Lescol
    5th May 2016
    1:25pm
    Yet again we have short time decisions being made over an issue you spent years planning for! Their actions are legal but so too will be mine when I vote 2 July - anybody first and current government last.
    Culgoa
    5th May 2016
    1:37pm
    Plenty of comment on superannuation - nothing about those of us on the pension.
    Fliss
    5th May 2016
    1:59pm
    the big changes announced in the budget were concerning superannuation.
    Stof
    5th May 2016
    1:37pm
    Will someone please confirm whether it's Non Concessional or NOT??
    Fliss
    5th May 2016
    2:01pm
    Stof, Are you asking about the lifetime cap of $500,000?
    This is for NON-CONCESSIONAL contributions (i.e. after-tax contributions).
    Debbie McTaggart
    5th May 2016
    2:59pm
    Confirm it's non-concessional, a typo on my behalf, apologies
    Mike
    5th May 2016
    1:42pm
    Well said Lescol. But who to vote for. The Liberals such as Hockey and Bishop are proven liars and cheats and rorters with their snouts in your tax money. Shorten I have no confidence in, and he has lost any edge by not promising to reverse any of Hockey or Turnbull's moving of goal posts. The Greens I am afraid of. They don't call them watermelons ( green on the outside, red on the inside ) for nothing. So who is there to vote for?
    Hawkeye
    5th May 2016
    2:25pm
    Mike, it's very easy to vote to get rid a certain party (in this case the LNP)
    Simply grab the LNP "how-to-vote" card (they'll probably thank you and shake your your hand and tell you how wise you are), then walk inside and follow it to the letter BUT IN REVERSE.
    I call it un-electing.
    MICK
    5th May 2016
    2:35pm
    Funny. You forgot about giving the card back on the way out and telling them what you have done. Priceless!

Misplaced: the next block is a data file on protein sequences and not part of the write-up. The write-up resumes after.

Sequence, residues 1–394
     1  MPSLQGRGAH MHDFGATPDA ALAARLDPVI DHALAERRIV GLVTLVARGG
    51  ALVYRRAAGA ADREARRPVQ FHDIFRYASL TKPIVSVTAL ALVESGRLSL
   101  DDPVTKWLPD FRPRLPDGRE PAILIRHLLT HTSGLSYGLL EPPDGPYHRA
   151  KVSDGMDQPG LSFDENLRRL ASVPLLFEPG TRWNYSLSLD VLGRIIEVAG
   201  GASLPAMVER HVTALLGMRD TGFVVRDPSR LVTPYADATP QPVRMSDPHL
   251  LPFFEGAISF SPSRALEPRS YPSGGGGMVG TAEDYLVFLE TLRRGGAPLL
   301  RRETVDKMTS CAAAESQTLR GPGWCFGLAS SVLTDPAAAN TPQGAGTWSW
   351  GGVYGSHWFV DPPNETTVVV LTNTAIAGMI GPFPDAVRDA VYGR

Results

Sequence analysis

Lescol
    5th May 2016
    10:26pm
    who to vote for? current government last and anybody before them. The vision is to change the government. As well, the incomers are placed on notice cheers.
    jamesmn
    5th May 2016
    1:56pm
    these clowns cannot be trusted they are nothing but a pack of liars all they want to do is look after their mates as they are the ones that donate money to the liberals Barnaby Joyce should be held accountable for his helicopter flight and sacked the same as bishop was these liberals think they can do whatever they want to maybe they should rename the liberal party to the noddy party if you notice them in parliament they are always nodding their heads at everything that is said I say bring on the election and get rid of this corrupt government they don't know how to curb spending then try to hit pensioners and the lower paid Australians they have already been proved that their figures do NOT add up by many annalists get rid of the bastards and stick Barnaby Joyce in court for the chopper flight.
    MICK
    5th May 2016
    5:10pm
    On the money. I am hoping that Tony Windsor will be remembered for his past service and that the electorate will throw Barnaby out.
    Anonymous
    10th May 2016
    6:36pm
    A shame that Tony Windsor sold out his very conservative electorate (or at least they think he did) by supporting Labor to form government. I think it will be a long time before many in New England forgive what they saw as a treacherous betrayal of their trust. But I share you hope that he CAN topple Barnaby, Mick.